1. Reread this page carefully. Did you miss something? I habitually ignore emails that start off with phrases like "I want to do machine learning for..." or "I am interested in computer vision research." I get a lot of canned emails that are sent to every CS prof.
    2. Check you got my auto-response (I am on leave for the winter 2022 term). If you didn't get an auto-response you may have mistyped my email.
    3. If you've checked all of that, send me a reminder email. As noted, I am on leave this term (winter 2022) and am not regularly checking email.

Fundable Research Topics

Below I have listed 20 topics, that if given at least 9 months lead time to apply for grants, I expect to be able to fund.

  1. Research topics on rethinking how science and technology ("technoscience") are fundamentally done
    1. Crip technoscience
    2. Eco-crip approaches to STEM
    3. Anti-extractivist STEM
    4. Abolitionist STEM
  2. Research topics on improving STEM education (CS education, engineering education, physics education, etc)
    • all of the topics in the cluster above
    1. Supporting disabled & queer STEM educators
    2. Teaching STEM audiences about crip technoscience
    3. Teaching STEM audiences about eugenics
    4. Teaching STEM audiences about extractivism
  3. Research topics on improving CS education
    • all of the topics in the clusters above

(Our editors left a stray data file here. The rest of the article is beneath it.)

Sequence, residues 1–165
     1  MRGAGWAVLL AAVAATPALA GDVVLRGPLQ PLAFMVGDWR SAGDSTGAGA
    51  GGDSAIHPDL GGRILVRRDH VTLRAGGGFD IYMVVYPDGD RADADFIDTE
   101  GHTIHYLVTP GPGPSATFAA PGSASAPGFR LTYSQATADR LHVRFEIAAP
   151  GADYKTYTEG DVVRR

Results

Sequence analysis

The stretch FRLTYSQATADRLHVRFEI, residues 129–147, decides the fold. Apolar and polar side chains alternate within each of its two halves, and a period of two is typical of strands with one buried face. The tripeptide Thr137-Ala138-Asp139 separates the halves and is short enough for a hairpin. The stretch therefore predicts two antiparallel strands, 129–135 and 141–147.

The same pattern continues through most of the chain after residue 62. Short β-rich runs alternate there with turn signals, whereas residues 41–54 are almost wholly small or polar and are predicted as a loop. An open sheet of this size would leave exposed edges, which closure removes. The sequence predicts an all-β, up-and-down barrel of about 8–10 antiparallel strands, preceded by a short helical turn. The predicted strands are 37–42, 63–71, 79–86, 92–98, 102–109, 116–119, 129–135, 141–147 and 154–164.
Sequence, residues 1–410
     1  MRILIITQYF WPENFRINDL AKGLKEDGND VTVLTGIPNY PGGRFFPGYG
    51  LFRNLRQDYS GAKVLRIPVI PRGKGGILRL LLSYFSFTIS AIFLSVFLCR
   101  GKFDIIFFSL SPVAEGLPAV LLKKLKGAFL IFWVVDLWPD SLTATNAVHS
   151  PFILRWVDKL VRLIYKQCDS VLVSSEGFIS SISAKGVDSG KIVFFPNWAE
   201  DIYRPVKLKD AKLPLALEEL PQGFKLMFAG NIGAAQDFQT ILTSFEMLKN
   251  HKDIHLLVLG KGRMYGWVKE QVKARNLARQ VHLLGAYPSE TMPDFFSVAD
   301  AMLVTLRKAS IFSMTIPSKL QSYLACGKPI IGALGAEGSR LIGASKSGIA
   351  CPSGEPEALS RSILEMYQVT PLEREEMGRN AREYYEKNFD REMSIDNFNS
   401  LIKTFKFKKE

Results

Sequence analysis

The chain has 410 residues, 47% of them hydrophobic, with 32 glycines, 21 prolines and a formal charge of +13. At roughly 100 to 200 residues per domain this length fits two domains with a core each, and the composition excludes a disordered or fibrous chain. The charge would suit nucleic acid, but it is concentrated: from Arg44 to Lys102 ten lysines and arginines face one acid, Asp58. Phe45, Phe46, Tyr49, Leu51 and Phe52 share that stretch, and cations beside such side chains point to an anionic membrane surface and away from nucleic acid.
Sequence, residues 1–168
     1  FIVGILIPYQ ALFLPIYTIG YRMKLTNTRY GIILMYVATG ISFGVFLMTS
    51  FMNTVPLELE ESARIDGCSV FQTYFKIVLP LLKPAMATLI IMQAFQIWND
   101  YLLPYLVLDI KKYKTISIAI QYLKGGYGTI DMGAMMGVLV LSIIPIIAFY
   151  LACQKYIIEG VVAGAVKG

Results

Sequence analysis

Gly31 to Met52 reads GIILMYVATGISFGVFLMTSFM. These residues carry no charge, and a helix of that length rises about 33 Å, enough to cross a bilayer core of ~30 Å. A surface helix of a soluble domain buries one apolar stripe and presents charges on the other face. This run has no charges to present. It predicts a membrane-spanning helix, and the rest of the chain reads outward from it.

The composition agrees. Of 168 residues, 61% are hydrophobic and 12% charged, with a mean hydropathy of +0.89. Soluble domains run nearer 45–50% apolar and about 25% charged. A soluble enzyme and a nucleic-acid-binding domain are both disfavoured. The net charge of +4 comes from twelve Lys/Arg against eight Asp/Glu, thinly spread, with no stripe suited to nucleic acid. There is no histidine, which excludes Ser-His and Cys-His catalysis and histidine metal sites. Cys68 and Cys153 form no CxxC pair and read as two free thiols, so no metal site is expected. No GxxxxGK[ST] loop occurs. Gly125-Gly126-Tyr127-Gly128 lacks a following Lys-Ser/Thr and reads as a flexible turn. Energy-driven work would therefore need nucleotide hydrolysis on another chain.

1. Teaching CS audiences about the philosophy of CS, with particular attention to ethics and epistemology
    2. Teaching CS audiences about science and technology studies (STS)
    3. Teaching CS audiences about the history of CS
    4. Teaching CS audiences about critical disability studies & ableism in technological design
    5. Teaching CS audiences about colonialism & colonialism/imperalism in CS
    6. Teaching CS audiences about sustainability and the roles (positive and negative) that CS has in the climate crisis
    7. Teaching CS audiences about the material origins of computing technologies (e.g. conflict minerals)
    8. Identifying pedagogical content knowledge for teaching advanced CS topics (e.g. AI/ML, NLP, HCI, security, networking, operating systems, digital logic, theory of computation)
    9. Analysing and supporting the working conditions of CS educators
  4. Research topics on analysing/improving CS as a discipline
    • all of the topics in the clusters above
    1. Labour issues and professionalization in CS; with particular interest in occupational closure and masculinity contest cultures
    2. Epistemic pluralism in CS; with particular interest in queering CS, cripping CS, epistemic decolonizing of CS, and the slow science movement
    3. Political consciousness within CS; with particular interest in computer scientists organizing for policy changes (e.g. #TechWontBuildIt, The Karlskrona Manifesto)